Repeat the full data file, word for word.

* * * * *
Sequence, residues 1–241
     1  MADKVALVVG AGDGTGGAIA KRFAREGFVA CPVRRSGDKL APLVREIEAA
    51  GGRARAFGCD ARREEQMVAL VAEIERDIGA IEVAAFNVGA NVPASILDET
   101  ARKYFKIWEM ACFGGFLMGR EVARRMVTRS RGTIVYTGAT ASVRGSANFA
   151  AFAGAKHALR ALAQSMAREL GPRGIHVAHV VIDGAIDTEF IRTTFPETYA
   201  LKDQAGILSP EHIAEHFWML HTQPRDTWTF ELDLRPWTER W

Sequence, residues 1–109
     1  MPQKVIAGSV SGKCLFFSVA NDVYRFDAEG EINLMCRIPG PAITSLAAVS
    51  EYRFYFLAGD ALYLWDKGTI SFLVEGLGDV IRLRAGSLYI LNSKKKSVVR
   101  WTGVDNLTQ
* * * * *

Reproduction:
Sequence, residues 1–241
     1  MADKVALVVG AGDGTGGAIA KRFAREGFVA CPVRRSGDKL APLVREIEAA
    51  GGRARAFGCD ARREEQMVAL VAEIERDIGA IEVAAFNVGA NVPASILDET
   101  ARKYFKIWEM ACFGGFLMGR EVARRMVTRS RGTIVYTGAT ASVRGSANFA
   151  AFAGAKHALR ALAQSMAREL GPRGIHVAHV VIDGAIDTEF IRTTFPETYA
   201  LKDQAGILSP EHIAEHFWML HTQPRDTWTF ELDLRPWTER W

Sequence, residues 1–109
     1  MPQKVIAGSV SGKCLFFSVA NDVYRFDAEG EINLMCRIPG PAITSLAAVS
    51  EYRFYFLAGD ALYLWDKGTI SFLVEGLGDV IRLRAGSLYI LNSKKKSVVR
   101  WTGVDNLTQ